I know people just want to help but it doesn’t help, it just bugs the crap out of me. Am I being harsh? Yeah probably. But it’s my life. My journey. My choices.
We had a beautiful sunny and warm Easter weekend here on the west coast. And I spent most of it inside working on my house renovations. They never end. As soon as I finish one thing, I stare at it and admire it and then start planning the next thing. But I did get out for my C25K run/walk early on Sunday morning as the sun was rising. It was so nice out. Unfortunately, my calf muscle was not on board. Nearing the end of my 3rd ‘round’ of running (of the 30 second run, 2 minute walk rounds), I felt a twinge in my right calf muscle that hurt enough to stop me running. I walked for a bit and decided that I had actually hurt myself enough that I shouldn’t run anymore today. So I walked home. It was increasingly sore that day. I iced it and stretched it but it’s still pretty sore yesterday and today. So now I’ve gone and injured myself and I’m frustrated because I was feeling good about my running and I have to take a break. I self diagnosed via Google (which we all do) and it seems to just be a regular calf strain but I have to wait 7-10 days until I try running again. And need to do lots of stretching.
I did some yoga yesterday but now I’m frustrated because what else can I do for cardio that isn’t going to strain my leg? I wonder if swimming would help or hinder it? Any other ideas?
Member Comments About This Blog Post
As always, my friend, you have written so nicely what so many of us feel! On Easter I was having a discussion with my sister about my weight loss strategies when her "know it all" boyfriend interjected with this little gem, "you only need to do one exercise to lose weight...push yourself away from the table"! This was followed by a totally obnoxious laugh. And I replied with, "wow, that's brilliant! You should write a fu@#ing book!" And I walked away!!
I had a friend recently get out of rehab for a relapse with drinking and pills and as I Listened to her story I couldn't believe how much I could relate to her! Does it makes me insensitive to draw comparisons of a bottle of vodka and a handful of Vicodin to a giant bag of Doritos and an entire box Little Debbie's??? Maybe. But I feel like it would be easier to break an addiction to drugs then food! I can't just stay away from food, I still have to eat!!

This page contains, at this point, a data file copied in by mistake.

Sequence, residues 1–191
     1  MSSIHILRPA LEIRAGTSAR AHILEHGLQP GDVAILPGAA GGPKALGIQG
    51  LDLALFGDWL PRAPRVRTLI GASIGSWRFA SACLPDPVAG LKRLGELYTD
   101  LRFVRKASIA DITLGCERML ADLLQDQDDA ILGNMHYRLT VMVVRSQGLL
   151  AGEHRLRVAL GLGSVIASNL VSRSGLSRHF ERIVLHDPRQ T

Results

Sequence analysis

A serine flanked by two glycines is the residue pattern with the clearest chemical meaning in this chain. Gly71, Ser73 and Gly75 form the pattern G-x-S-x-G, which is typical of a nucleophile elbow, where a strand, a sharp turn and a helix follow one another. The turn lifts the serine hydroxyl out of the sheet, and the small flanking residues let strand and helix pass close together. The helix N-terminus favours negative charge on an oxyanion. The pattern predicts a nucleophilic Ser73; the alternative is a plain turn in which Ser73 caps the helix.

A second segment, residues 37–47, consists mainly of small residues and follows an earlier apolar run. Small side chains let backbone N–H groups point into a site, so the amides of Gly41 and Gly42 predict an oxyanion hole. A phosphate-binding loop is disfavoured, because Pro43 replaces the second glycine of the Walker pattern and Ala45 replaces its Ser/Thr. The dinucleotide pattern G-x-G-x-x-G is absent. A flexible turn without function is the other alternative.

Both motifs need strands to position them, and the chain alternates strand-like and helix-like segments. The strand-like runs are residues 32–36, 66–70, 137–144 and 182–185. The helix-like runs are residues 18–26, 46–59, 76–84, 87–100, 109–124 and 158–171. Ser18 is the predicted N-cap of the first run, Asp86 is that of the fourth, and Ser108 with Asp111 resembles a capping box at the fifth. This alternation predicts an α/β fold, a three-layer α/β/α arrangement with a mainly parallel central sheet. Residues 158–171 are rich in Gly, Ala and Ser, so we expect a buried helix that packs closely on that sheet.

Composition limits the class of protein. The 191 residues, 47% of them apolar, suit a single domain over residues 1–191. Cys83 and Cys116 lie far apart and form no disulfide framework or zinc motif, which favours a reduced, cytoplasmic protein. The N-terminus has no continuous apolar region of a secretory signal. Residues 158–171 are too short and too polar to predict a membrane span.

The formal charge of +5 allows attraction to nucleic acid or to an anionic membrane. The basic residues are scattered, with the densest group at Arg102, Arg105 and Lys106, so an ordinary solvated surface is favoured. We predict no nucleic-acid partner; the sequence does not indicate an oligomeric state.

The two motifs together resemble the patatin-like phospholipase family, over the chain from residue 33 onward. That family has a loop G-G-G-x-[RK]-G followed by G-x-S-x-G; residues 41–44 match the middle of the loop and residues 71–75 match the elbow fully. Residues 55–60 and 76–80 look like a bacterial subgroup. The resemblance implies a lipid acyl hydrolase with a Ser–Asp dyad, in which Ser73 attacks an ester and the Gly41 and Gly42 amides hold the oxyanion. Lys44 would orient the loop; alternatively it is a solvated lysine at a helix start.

Eat less, exercise more!! If only somebody had told me before!! Now, I get it!! Thanks so much!! (That's going to be my new sarcastic reply!!)
1786 days ago
First off, sorry about the calf muscle! That sounds like it hurts. I hope it starts feeling better soon, so you can be off and running again!
As for the advice from people who have no idea what they're talking about... oh my goodness, I know what you mean! At 425 pounds, I had well over 200 pounds to lose. And people were always telling me things like:
Just eat less.
Everything in moderation.
Reduce your sodium!
Etc etc etc. One day, I got fed up with one of them (mostly family members) and said, Have you *ever* had a weight problem?
Then how do you know? You saw it on the news, right?
People still give me advice, even though I've lost 128 pounds. Without their help, thank you. But I think the moral of this story is: people love to give advice, especially when it's advice they're not qualified to give. Sigh.
I enjoyed your post!
1786 days ago
I don't discuss my weightloss activities or too much about my employment status. I don't invite everyone in to my private world as I don't want their input. Especially when I am not eating according to plan.
1786 days ago